While less common in contemporary letterpress printing, it is possible to print halftoned photographs, via photopolymer plates, on letterpress equipment. However, letterpress printing's strengths are crisp lines, patterns and other graphics, and typography.
Letterpress publishing has recently undergone a revival in the USA, Canada and the UK, under the general banner of the 'Small Press Movement'. Discarded by commercial print shops, affordable letterpress printing presses (in particular, Vandercook cylinder proof presses and Chandler & Price platen presses. In the UK there is particular affection for the Halifax built by Arab) became available to artisans throughout the country. The movement has been helped by the emergence of a number of organizations that teach letterpress such as Columbia College Chicago's Center for Book & Paper Arts, New York's Center for Book Arts, Studio on the Square and The Arm NYC, the San Francisco Center for the Book, Bookworks, Seattle's School of Visual Concepts, Black Rock Press and the Minnesota Center for Book Arts.
Several dozen colleges and universities around the United States have either begun or re-activated programs teaching letterpress printing in fully-equipped facilities. In many cases these letterpress shops are affiliated with the college's library or art department, in others they may be independent, student-run operations, or extracurricular activities sponsored by the college. Many are included in degree programs. More information can be found on the College & University Letterpress Printers' Association (CULPA) website CULPA was founded in 2006 by Abigail Uhteg at the Maryland Institute College of Art in order to help these schools stay connected and share resources.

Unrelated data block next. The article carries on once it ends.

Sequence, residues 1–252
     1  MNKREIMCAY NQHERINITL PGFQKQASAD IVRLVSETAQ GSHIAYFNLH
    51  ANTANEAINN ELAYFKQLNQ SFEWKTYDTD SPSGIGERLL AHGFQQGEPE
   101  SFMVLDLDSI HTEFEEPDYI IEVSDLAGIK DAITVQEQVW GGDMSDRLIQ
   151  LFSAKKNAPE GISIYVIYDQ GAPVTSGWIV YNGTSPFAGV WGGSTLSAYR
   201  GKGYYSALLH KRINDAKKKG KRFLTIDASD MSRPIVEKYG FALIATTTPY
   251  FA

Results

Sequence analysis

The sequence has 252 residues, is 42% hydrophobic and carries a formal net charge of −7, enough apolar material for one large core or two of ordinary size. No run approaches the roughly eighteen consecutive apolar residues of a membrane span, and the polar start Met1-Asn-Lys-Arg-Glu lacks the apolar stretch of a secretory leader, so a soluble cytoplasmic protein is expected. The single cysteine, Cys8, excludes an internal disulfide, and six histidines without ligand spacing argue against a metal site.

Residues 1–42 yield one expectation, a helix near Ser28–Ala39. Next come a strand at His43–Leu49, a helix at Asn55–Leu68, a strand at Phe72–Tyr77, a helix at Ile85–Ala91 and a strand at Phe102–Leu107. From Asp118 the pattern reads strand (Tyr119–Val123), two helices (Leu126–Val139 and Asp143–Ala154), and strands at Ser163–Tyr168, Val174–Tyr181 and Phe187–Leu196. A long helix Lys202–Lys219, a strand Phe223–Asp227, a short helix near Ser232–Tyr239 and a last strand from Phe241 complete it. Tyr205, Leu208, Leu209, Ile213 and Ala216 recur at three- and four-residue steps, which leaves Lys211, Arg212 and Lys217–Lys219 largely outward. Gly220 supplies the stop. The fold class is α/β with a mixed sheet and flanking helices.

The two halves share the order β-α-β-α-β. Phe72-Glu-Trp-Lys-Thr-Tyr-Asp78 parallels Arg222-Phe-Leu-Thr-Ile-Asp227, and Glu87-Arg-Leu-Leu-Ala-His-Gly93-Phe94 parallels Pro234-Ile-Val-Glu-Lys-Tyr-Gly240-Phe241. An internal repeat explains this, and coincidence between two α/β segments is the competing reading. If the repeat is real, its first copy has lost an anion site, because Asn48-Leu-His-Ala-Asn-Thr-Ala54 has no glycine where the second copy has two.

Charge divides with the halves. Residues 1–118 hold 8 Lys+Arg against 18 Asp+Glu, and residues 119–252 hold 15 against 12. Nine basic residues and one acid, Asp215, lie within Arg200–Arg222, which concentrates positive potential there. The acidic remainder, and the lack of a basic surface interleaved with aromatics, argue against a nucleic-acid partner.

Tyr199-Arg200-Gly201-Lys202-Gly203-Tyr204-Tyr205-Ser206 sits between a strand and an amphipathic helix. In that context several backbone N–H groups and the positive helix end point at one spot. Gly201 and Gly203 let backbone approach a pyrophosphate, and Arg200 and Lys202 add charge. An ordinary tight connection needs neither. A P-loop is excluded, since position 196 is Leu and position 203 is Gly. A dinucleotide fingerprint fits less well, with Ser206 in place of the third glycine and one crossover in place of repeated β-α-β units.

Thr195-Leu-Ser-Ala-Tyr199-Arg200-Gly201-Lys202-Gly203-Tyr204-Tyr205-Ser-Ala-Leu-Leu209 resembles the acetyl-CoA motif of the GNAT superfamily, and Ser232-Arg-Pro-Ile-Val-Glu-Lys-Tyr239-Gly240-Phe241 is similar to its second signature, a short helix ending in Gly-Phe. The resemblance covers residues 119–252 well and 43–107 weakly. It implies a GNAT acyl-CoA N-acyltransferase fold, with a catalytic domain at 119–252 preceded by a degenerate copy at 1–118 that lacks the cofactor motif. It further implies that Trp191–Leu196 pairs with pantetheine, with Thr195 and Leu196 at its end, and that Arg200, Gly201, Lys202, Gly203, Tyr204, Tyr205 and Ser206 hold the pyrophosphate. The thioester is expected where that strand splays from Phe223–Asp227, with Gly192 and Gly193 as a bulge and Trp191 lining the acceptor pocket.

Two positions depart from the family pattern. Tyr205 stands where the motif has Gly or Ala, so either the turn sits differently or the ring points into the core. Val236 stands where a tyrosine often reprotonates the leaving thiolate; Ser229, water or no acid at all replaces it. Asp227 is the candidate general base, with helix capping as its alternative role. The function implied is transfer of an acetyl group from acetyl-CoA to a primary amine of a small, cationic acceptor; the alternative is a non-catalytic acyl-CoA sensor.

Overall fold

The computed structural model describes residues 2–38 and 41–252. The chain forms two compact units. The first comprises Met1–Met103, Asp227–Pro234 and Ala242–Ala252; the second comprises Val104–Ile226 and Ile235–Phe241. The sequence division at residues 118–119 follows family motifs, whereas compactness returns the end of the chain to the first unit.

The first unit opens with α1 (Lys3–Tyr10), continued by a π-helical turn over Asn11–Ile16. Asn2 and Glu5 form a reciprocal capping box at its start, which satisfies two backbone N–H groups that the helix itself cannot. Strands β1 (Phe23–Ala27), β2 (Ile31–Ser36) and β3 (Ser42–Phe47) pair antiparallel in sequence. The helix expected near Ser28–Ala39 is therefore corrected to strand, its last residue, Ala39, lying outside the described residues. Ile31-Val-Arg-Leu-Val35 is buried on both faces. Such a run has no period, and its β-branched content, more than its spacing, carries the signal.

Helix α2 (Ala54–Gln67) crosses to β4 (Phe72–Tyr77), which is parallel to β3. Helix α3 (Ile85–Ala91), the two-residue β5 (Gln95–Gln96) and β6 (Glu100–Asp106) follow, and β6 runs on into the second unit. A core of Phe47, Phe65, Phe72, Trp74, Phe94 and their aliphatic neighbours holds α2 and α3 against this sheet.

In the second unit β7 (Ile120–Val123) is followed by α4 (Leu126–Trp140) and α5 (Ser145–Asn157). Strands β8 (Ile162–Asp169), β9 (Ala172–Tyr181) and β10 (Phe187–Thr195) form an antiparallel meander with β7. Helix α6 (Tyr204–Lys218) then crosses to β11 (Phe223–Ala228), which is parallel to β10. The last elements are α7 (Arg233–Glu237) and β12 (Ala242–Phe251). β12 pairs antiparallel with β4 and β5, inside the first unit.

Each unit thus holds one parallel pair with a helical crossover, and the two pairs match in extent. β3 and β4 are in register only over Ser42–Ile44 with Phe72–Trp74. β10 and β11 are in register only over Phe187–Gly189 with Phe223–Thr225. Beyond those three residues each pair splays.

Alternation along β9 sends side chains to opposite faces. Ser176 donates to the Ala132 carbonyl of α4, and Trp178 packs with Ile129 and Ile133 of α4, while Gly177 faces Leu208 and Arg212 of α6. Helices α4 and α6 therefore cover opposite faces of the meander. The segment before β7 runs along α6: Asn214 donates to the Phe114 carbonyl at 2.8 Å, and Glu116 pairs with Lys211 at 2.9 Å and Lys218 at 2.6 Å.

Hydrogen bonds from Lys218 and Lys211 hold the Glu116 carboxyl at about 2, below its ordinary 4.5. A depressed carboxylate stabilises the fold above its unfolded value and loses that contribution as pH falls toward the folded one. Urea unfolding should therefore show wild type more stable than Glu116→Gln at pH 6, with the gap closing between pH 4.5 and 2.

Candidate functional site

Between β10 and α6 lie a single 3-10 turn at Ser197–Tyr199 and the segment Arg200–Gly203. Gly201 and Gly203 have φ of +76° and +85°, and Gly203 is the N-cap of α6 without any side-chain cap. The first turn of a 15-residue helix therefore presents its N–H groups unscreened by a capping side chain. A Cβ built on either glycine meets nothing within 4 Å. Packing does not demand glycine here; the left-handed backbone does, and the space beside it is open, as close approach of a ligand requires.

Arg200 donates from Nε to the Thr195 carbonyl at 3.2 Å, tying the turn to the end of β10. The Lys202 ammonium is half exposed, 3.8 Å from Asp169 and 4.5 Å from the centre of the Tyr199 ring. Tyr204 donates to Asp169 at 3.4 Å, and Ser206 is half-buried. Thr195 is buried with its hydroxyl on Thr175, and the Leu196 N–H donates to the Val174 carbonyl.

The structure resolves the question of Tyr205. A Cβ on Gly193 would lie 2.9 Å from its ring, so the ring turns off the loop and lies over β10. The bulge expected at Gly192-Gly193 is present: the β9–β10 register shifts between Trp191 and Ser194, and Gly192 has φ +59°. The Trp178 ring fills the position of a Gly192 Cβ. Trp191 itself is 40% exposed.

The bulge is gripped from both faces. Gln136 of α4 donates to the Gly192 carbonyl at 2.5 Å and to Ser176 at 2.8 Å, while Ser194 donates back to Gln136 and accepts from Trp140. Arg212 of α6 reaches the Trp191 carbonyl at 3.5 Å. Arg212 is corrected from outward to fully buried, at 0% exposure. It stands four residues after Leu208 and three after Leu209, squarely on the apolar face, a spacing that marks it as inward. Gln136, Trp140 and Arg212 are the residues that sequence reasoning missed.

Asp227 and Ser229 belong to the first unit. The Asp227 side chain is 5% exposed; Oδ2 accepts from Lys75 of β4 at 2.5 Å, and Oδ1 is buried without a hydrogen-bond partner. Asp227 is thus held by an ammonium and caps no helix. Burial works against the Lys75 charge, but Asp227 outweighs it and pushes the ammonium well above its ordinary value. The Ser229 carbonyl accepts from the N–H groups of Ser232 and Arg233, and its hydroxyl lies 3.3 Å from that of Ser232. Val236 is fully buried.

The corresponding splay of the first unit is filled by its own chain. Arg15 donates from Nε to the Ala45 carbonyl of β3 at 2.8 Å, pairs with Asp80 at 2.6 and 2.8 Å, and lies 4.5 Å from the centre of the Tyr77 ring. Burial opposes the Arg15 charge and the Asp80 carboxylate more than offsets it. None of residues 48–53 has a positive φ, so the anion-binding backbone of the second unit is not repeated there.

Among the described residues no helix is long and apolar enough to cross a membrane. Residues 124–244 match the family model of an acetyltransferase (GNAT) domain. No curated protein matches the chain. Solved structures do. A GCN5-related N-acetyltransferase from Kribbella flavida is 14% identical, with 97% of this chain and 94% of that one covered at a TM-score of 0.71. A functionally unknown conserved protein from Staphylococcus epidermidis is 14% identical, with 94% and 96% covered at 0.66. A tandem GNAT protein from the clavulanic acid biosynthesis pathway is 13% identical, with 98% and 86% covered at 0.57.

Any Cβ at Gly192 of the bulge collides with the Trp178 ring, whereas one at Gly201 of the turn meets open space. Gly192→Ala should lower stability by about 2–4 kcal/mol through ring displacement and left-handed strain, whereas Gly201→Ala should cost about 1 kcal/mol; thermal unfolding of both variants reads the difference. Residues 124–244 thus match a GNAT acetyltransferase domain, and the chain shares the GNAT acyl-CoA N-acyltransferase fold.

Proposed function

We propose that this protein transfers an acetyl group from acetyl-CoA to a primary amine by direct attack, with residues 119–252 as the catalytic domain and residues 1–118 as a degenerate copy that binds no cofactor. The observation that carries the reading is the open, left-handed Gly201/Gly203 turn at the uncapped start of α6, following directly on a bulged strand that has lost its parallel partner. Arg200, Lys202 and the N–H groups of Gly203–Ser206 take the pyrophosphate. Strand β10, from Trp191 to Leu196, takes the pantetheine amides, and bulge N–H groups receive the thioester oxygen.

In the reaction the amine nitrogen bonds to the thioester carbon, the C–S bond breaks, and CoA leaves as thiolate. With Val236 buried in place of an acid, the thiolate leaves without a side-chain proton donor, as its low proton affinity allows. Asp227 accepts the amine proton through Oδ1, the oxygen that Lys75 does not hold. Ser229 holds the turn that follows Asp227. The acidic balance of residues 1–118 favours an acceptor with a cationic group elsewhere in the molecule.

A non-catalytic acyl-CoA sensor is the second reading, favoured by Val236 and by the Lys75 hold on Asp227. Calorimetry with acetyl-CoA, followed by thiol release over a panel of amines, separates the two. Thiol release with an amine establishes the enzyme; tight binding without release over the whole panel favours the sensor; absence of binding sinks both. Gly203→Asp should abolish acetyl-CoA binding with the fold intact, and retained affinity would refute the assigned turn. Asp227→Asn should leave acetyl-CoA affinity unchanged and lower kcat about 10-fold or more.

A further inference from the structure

The current renaissance of letterpress printing has created a crop of hobby press shops that are owner operated and driven by a love of the craft. Several larger printers have added an environmental component to the venerable art by using only wind power to drive their presses and plant equipment.
In London, St Bride's Printing Library houses a large collection of letterpress information in its collection of 50,000 books. All the classic works on printing technique, visual style, typography, graphic design, calligraphy and more. This is one of the worlds foremost collections and is located off Fleet Street in the heart of London's old printing and publishing district. In addition regular talks, conferences, exhibitions and demonstrations take place.
Central St Martin's College and London College of Communication run short courses in letterpress as well as offering these facilities as part of their Graphic Design Degree Courses.
The individual letterforms used to compose a block of text for printing were designed and fabricated by a punchcutter.